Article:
Founded by Andrew G. Rosen in 2005, Jobacle.com is a career advice blog that strives to offer unique and interesting content that appeals to the everyday office worker. Rosen had suffered through several painful job experiences and was in awe of the lack of career resources that “spoke to him.” With that in mind, he set out to create a site–unlike the job board giants—that features useful career advice and podcasts, which now have over one million downloads.


Jobbook is a free job search site that matches both recent college graduates and established professionals from the U.S. and Canada with employment opportunities. Job seekers can pick from over 30,000 job titles found in the “Jobdictionary,” and Jobbook will automatically match you with jobs and allow you to interact with employers of interest, for as long as you are a Jobbook member. The services, for both employers and job seekers, are completely free.


Job-Hunt is a site dedicated to the millions of people who have had their personal lives disrupted by the loss of a job. Since 1998, online job search expert Susan P. Joyce has edited the site—which provides a comprehensive listing of employer recruiting page links, legitimate job-search resources and services, and up-to-date advice from knowledgeable job search and career experts. From the very beginning, the site has focused on helping individuals avoid scams and protecting job seeker privacy.


The Jobma site allows job seekers to interact with employers, and strives to create a multimedia marketplace for talent acquisition. The site lets you pair your resume with a video pitch so employers can see you, your personality, and understand why you are the best fit for the job. Users can create one 60-second video resume for free—but they also have the option to upgrade to a premium membership for $5 per month, which allows them to build three videos. The site hosts a career advice blog, with posts on how to distribute your resume and tips for landing your dream job.

Just Jobs Academy

The mission of this site is to teach professionals or job seekers what they don’t learn in school: The skills and attitudes that can set you apart from your co-workers and competitors. Just Jobs Academy offers career advice, a job search feature, and a scholarship program.  Three times annually the site’s scholarship committee awards an eligible student with a $3,000 scholarship.

Keppie Careers

The Keppie Careers blog provides detailed, practical, actionable information for job seekers and small business owners. Coach, mentor, and Keppie Careers founder Miriam Salpeter aspires to teach readers how they can take control of their own career success. She goes beyond the theoretical “big picture” approach and gives her audience news they can use about social media and traditional tools to help them achieve their goals.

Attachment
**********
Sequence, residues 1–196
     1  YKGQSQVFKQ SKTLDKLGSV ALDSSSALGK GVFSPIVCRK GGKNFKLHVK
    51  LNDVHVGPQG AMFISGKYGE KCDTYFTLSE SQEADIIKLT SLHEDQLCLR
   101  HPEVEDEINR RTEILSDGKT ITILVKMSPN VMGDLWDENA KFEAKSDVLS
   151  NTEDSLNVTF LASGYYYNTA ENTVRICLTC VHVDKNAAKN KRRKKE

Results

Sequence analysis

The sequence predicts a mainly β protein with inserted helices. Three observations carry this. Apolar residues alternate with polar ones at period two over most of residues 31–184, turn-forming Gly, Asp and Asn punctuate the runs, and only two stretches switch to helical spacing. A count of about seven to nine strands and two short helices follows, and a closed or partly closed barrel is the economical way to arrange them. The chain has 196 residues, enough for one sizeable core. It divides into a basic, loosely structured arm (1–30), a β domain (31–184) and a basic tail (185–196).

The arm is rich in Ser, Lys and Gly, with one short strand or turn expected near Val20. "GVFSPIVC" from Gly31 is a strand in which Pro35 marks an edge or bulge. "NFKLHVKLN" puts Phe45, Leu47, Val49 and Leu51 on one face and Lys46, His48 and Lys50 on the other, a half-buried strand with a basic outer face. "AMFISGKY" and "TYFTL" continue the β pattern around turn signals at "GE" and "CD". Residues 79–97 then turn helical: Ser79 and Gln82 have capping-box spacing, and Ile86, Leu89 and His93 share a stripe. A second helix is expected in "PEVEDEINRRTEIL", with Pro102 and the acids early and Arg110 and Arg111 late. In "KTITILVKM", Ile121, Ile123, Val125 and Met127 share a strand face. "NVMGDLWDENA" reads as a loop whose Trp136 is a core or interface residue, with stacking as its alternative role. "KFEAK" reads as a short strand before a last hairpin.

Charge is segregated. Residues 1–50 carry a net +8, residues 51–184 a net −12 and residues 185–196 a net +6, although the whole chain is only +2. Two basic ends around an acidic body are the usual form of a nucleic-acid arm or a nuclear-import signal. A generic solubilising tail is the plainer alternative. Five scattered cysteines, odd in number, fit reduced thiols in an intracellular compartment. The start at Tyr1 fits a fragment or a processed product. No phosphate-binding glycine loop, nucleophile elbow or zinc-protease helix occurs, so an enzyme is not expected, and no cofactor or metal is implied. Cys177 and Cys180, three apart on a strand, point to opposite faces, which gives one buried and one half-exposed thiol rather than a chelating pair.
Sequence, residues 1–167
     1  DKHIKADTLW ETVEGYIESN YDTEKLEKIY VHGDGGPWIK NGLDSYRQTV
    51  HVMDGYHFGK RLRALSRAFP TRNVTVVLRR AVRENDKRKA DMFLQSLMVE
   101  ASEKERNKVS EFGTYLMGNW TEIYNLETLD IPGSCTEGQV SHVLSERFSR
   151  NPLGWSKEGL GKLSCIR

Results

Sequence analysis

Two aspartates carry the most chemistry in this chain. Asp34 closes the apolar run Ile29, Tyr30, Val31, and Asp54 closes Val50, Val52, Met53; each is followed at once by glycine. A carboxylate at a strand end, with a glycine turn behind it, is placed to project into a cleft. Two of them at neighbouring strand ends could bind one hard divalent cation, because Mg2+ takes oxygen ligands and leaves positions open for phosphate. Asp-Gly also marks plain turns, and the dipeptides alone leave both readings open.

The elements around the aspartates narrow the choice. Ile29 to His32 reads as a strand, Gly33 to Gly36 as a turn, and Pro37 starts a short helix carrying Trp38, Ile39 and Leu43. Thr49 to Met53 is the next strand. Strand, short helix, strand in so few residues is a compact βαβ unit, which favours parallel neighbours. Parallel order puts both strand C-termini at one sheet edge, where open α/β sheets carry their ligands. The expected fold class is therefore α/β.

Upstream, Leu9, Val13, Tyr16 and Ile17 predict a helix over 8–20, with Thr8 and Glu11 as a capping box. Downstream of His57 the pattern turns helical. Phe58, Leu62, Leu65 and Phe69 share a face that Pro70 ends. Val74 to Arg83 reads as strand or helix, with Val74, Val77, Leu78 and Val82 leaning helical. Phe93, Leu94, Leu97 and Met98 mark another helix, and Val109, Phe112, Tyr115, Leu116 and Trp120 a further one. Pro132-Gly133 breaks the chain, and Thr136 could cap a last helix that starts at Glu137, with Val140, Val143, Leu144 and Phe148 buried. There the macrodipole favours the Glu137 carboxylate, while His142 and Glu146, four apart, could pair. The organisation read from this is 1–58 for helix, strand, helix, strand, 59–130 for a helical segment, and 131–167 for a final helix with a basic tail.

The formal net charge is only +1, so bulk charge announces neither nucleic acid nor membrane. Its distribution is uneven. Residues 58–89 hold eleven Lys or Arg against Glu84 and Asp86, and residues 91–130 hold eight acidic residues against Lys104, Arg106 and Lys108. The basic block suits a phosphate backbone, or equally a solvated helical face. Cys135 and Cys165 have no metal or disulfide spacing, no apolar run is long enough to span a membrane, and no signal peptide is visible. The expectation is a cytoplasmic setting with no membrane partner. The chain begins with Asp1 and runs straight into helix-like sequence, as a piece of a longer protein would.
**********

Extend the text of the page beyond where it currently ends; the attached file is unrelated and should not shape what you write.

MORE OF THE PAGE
KindredHQ is a career site for freelancers, independent workers and startup entrepreneurs trying to make it in the world. It’s geared toward those who decided to opt out of the traditional 9 to 5 office job and go it alone—and the site’s team understands that it can sometimes be very tough. That’s why they created Kindred HQ, an online community where these professionals can discuss the things they’re struggling with, share success stories, and make serious connections that can help them succeed in their careers.

Levo League

Levo, the Latin root of the word “elevate,” is a social startup designed to elevate young women in the workforce by providing the career resources needed to achieve personal and professional success. As a community of professional women who are seeking advice, inspiration, and the tools needed to succeed, Levo is “your career cockpit for the first phase of your professional journey.”

Lindsey Pollak

Lindsey Pollak, a global spokesperson for LinkedIn and the author of Getting from College to Career: Your Essential Guide to Succeeding in the Real World, runs this engaging and informative site which offers blog posts, videos, and event listings to help young professionals succeed in the ever-changing world of work. On her blog, the Yale grad covers a variety of topics related to LinkedIn, including how to network with VIPs on LinkedIn and how to showcase your personal brand on the popular networking site.